Kern, Willcocks, and Lacity (2002) provide a good overview of how ASP differs from traditional IT outsourcing. They conclude that the risks of ASP are similar to traditional IT outsourcing, but that the probabilities of occurrence for many risks are higher with ASP. In particular, the probabilities for risks increase with ASP because of immature suppliers, immature customers, and immature technologies.

Loebbecke and Huyskens (2006) examined the determinants of netsourcing decisions in 88 German companies. The authors found that the companies that netsource applications had significantly lower values for (1) competitive relevance of the software application, (2) strategic vulnerability of netsourcing, and (3) technical uncertainty. Thus, applications that were netsourced were perceived as non‐strategic and technically certain and thus could be safely netsourced—very similar findings to traditional outsourcing. Susarla, Barua, and Whinston (2003) examine the determinants of ASP success as measured by ASP satisfaction and ASP supplier performance. Based on a sample of 256 client firms that netsource at least one software application, the authors found that the clients most satisfied with ASP (1) rated ASP supplier performance higher, (2) had more prior systems integration experience, (3) had higher a priori expectations about the ASP's functional capability, and (4) had lower gaps between a priori expectations and a posteriori perceptions of ASP performance. Like findings from research in traditional IT outsourcing, clients have more success with ASP when they have realistic expectations and have already conquered the learning curve through prior experience.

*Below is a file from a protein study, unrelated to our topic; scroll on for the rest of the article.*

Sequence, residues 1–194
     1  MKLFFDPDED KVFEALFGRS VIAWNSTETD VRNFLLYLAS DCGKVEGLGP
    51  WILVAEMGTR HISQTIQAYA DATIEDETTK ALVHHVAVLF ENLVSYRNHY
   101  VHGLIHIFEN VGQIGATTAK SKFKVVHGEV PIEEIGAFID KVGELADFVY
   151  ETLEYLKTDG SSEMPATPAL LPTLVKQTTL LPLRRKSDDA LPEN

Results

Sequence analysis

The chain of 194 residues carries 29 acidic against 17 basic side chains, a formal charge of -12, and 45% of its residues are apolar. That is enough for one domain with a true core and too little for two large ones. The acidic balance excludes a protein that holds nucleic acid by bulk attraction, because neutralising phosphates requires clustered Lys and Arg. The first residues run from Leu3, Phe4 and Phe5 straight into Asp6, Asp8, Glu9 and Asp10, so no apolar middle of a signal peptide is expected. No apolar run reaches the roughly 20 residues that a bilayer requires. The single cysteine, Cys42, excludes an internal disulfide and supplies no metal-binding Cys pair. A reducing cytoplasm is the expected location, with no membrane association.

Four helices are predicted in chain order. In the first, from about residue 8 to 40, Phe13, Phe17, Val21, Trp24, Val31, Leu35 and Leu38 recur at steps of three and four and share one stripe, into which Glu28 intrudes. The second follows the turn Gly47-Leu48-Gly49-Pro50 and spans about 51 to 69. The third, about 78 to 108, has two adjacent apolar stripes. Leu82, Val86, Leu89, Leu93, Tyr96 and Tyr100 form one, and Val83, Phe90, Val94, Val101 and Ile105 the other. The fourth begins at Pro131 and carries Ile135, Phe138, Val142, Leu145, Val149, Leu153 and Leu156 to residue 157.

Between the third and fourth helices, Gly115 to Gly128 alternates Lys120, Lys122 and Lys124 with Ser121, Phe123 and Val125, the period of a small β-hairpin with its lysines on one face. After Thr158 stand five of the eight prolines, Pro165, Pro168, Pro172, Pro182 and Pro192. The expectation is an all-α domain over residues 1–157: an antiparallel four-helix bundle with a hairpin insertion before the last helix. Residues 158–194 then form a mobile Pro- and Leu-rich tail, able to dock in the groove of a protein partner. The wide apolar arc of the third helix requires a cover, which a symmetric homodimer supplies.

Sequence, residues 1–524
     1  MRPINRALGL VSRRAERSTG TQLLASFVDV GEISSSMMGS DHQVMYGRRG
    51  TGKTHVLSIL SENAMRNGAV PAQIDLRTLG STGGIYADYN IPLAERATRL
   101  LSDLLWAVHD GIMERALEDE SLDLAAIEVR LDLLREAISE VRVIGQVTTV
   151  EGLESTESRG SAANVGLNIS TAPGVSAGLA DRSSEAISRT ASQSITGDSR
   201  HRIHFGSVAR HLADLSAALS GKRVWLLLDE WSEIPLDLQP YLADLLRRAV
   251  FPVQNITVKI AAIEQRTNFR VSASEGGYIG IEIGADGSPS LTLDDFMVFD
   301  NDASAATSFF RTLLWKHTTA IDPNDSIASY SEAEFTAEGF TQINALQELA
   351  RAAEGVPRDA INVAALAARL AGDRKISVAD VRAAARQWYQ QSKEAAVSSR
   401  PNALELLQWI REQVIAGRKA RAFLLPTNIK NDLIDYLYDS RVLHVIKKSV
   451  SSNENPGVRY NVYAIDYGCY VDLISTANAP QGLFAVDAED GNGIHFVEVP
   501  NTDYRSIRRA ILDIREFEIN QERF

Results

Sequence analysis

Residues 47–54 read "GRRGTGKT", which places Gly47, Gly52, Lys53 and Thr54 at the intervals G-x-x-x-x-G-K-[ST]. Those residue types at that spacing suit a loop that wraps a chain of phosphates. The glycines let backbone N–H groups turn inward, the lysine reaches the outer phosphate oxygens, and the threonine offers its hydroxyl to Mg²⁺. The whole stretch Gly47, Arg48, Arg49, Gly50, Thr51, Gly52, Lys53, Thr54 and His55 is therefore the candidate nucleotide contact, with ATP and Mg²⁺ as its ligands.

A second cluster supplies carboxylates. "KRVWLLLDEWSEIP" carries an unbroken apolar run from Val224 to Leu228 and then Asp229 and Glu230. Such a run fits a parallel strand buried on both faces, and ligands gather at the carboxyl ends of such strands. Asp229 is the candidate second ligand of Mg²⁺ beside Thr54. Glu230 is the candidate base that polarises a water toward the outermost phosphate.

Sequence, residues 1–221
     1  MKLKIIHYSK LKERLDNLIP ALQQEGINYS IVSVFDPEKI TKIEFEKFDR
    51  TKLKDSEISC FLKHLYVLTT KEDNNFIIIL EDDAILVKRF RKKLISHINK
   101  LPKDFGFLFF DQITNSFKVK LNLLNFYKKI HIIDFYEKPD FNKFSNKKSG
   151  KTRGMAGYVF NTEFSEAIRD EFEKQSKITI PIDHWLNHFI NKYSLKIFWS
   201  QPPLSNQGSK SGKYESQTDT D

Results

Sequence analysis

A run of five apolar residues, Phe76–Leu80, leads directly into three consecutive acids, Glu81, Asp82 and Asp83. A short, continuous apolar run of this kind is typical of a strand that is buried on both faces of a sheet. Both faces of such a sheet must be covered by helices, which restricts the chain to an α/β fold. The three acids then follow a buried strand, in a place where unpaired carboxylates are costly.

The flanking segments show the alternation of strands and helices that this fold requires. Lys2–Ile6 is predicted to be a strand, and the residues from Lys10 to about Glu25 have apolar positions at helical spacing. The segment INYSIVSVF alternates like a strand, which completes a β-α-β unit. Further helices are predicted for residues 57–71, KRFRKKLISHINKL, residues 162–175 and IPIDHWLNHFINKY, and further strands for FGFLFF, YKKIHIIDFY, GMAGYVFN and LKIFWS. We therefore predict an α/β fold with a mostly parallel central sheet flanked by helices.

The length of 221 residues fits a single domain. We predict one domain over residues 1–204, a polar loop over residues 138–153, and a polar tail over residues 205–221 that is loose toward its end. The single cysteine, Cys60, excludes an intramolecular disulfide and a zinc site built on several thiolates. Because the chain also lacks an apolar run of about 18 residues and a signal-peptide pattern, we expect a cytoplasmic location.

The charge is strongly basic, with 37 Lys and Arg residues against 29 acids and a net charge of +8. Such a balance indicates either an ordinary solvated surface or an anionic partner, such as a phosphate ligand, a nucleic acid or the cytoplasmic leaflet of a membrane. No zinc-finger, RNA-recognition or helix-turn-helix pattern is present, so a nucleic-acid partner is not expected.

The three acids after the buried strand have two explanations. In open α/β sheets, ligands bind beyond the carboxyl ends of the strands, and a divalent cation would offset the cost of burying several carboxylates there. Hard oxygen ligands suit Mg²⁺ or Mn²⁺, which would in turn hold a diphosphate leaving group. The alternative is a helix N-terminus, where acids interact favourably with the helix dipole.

Business Process Outsourcing

Business process outsourcing (BPO) entails a supplier taking over the execution of a client's business processes within functions such as human resource management, finance, and accounting (Lacity, Feeny, and Willcocks 2003). BPO is a growing trend and, with increasing standardization of business processes, is expected to permeate the organizations of the future (Davenport 2005). Although research on BPO is still evolving, much in the way IT outsourcing research did, we do see some important patterns emerging.

As standards for processes become available, outsourced processes will become increasingly commoditized (Davenport 2005). This idea is supported by the current view that, in general, BPO is suitable for well‐defined, self‐contained, modular, (p. 518) IT‐enabled, and easily measurable processes (e.g. Borman 2006; Tanriverdi, Konana, and Ge 2007). Concerning IT enablement, IT may help reduce the transaction costs associated with BPO (Borman 2006). Based on data from 287 manufacturing plants, Bardhan, Whitaker, and Mithas (2006) report that plants with higher IT spending were more likely to engage in production process outsourcing. Also, when processes can be detached from the underlying IT infrastructure at a client organization they may be more suitable for offshoring. However, when processes are tightly coupled with IT, domestic sourcing or insourcing may be a better option (Tanriverdi, Konana, and Ge 2007).